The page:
Entry & Exit Requirements
U.S. citizens must present a passport valid for at least the duration of their stay to enter Colombia.
A Colombian visa is not required for tourist stays of 90 days or less. Travelers entering Colombia are sometimes asked to present evidence of return or onward travel, usually in the form of a plane ticket.
No arrival tax is collected upon entry into Colombia, but travelers leaving by plane must pay an exit tax in cash at the airport. Most airlines include all or a portion of this fee in the cost of your airline ticket. Check with your airline beforehand to find out how much you will have to pay at the airport.
If you are not traveling with a U.S. passport, please check with the Colombian Embassy for the requirements based on your nationality.
Health and Safety
Please consult your physician for guidance on medical issues. Holbrook Travel is not authorized to provide medical information and the following advice should be confirmed with your doctor.
The Centers for Disease Control recommends that all travelers be up-to-date on routine vaccinations such as measles-mumps-rubella (MMR) vaccine, diphtheria-pertussis-tetanus vaccine, varicella (chicken pox) vaccine, and your yearly flu shot before every trip.
There are no vaccinations required for entry into Colombia. Some physicians recommend that travelers get hepatitis A and typhoid vaccines before visiting Colombia.
Please visit cdc.gov/travel or consult your physician for additional information and recommendations based on your individual circumstances.
The CDC warns that travelers to Colombia may be at risk for exposure to malaria. Malaria is caused by a parasite found in Anopheles mosquitos, which are active from dusk until dawn. Prevention is twofold: the use of anti-malarial drugs and the prevention of insect bites. If you choose to use an anti-malarial drug, as recommended by the CDC, see your physician for a prescription.
According to the CDC, yellow fever is a risk in certain parts of Colombia. For more information please consult your physician, who can determine whether a yellow fever vaccination is recommended based on your travel itinerary.
Locally transmitted cases of chikungunya have been reported in several South American countries, including Colombia. Local transmission means that mosquitoes in the area have been infected with chikungunya and are spreading it to people. The CDC recommends that travelers to Colombia protect themselves from mosquito bites.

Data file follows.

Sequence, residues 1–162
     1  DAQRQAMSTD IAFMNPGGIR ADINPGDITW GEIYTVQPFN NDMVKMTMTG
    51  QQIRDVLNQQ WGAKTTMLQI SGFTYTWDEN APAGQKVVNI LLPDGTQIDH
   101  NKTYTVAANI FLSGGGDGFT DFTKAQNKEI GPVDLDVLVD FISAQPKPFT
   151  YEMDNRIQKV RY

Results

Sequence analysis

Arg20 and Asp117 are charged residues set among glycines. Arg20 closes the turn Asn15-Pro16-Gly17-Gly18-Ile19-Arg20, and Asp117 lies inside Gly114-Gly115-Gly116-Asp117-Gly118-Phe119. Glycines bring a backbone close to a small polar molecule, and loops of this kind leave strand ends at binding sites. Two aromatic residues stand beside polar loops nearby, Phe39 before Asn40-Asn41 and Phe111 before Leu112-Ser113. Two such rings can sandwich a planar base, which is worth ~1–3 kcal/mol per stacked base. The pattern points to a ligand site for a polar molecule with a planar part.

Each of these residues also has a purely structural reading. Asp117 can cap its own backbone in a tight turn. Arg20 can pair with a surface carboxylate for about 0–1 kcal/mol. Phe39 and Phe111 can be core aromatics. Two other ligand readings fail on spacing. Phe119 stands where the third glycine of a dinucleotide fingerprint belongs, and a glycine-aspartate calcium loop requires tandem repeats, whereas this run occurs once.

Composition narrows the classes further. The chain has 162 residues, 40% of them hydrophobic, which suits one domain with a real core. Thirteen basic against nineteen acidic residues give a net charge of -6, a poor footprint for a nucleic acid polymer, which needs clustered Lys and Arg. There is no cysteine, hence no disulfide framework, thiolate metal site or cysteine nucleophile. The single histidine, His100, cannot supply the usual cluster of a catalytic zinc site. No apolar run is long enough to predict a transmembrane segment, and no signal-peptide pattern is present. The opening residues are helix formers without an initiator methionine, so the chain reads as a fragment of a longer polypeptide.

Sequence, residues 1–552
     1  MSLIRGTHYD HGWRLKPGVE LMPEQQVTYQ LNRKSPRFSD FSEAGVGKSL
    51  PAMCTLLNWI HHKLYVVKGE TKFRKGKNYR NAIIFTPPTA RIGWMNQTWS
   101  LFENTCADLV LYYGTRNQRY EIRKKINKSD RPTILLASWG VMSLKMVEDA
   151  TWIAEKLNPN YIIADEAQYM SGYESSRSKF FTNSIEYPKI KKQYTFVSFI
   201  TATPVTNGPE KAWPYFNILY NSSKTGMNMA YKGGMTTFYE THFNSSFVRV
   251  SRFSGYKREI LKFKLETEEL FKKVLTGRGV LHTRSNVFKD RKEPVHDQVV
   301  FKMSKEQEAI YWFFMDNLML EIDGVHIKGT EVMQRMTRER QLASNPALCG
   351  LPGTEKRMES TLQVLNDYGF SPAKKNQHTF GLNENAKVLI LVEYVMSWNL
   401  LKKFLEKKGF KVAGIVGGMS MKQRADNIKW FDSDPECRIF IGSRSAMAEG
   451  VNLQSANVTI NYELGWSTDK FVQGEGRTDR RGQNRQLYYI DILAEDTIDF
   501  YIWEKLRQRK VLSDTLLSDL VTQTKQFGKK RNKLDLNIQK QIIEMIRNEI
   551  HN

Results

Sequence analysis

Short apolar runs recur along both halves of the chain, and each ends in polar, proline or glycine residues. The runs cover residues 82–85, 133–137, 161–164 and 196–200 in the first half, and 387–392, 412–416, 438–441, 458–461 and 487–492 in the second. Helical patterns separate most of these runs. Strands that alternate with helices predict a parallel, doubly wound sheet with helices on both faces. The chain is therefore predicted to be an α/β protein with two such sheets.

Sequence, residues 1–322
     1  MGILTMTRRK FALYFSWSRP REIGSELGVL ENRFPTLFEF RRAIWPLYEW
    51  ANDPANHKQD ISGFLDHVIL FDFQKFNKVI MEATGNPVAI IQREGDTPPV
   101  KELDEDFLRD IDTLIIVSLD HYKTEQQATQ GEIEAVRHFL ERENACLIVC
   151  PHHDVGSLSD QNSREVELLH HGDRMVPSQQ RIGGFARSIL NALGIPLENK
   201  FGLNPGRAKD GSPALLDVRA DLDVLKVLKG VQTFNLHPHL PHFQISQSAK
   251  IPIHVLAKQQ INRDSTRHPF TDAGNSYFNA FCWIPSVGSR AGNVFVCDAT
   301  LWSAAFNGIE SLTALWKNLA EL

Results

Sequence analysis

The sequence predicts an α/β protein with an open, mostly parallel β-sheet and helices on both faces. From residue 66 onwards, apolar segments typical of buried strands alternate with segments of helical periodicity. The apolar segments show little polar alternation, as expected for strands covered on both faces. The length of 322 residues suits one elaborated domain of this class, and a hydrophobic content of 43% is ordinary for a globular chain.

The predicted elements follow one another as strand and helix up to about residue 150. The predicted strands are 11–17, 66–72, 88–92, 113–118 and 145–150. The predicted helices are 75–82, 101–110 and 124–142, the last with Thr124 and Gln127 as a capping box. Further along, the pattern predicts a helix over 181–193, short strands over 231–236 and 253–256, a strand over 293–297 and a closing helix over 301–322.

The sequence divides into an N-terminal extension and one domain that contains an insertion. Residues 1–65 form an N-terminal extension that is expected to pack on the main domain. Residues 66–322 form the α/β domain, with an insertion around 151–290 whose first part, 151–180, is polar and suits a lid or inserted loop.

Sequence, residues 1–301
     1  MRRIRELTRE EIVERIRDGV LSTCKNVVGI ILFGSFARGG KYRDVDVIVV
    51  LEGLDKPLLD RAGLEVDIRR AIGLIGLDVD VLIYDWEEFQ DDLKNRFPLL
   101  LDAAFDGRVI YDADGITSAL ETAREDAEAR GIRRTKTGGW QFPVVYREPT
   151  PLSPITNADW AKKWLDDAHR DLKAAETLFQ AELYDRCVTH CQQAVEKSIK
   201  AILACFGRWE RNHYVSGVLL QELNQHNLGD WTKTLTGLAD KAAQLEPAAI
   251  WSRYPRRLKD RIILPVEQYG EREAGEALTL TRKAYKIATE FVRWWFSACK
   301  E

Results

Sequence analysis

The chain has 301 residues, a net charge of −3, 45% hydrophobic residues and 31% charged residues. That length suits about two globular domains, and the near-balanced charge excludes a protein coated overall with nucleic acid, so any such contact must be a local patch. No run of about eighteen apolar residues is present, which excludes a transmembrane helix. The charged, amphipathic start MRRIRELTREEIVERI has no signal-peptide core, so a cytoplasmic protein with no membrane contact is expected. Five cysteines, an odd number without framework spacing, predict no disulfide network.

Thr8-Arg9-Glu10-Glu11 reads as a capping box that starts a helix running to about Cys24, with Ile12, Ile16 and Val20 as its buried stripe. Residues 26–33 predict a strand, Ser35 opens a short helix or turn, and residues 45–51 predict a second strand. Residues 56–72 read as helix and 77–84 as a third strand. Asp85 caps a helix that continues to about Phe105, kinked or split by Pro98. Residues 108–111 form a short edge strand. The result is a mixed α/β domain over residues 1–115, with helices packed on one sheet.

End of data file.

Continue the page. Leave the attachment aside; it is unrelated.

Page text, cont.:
Locally transmitted cases of Zika virus have been reported in Colombia. Local transmission means that mosquitoes in the area have been infected with Zika and are spreading it to people. The CDC recommends that travelers to Colombia protect themselves from mosquito bites. As a precaution, the CDC advises women who are pregnant to consider postponing travel to any area where Zika virus transmission is ongoing.
How to stay healthy
Drink only bottled or boiled water, carbonated drinks in cans or bottles. Avoid tap water, fountain drinks, and ice cubes.
Eat only thoroughly cooked food or fruits and vegetables you have peeled yourself. Remember: boil it, cook it, peel it, or forget it.
If you are ill upon returning home, consult your physician and let him or her know where you have traveled.
Wash hands often with soap and water.
The currency in Colombia is the peso (1 peso = 100 centavos).
Colombia's country code is +57.
To call Colombia (from the U.S.): Dial 011-57-(xxxx-xxxx)
To call the U.S. (from Colombia): Dial 00X-1-(xxx-xxx-xxxx)
(X is the long-distance carrier code.)
To make an international call, you must first gain access to the international telephone circuits by dialing an exit code (011 from U.S.; 00 from abroad). After dialing the international exit code, you need to dial the country code number for the country you are calling, then dial the city code/area code and the local number.
Telephone centers are available in most shopping malls. Most of the larger towns in Colombia have internet cafés, and many of the larger hotels also have their own internet service. Although international calls can be charged to your hotel room, it is usually a more expensive option, so be sure to check hotel phone rates prior to making any calls.
Please check with your cell phone provider if you’re unsure whether or not your cell phone will work internationally. Be aware that you are likely to incur additional charges for international use.
The increasing availability of computers and Internet access at hotels and cyber cafés has made it easier than ever to connect with friends and family via email. Many participants have found this to be a more cost-effective method for staying in touch with loved ones during travel.
Electrical current is usually 110 volts, the same as in the United States. (If your camera equipment or other electronics require a 3-prong plug, however, you should plan to bring a 3-prong to 2-prong adapter, i.e. two prongs without a grounding plug going into the wall. These can be found at hardware stores and sell for about $1.)
Colombia has one time zone, Colombia Time (COT), which is located in the UTC−05:00 zone, 5 hours behind Coordinated Universal Time (UTC).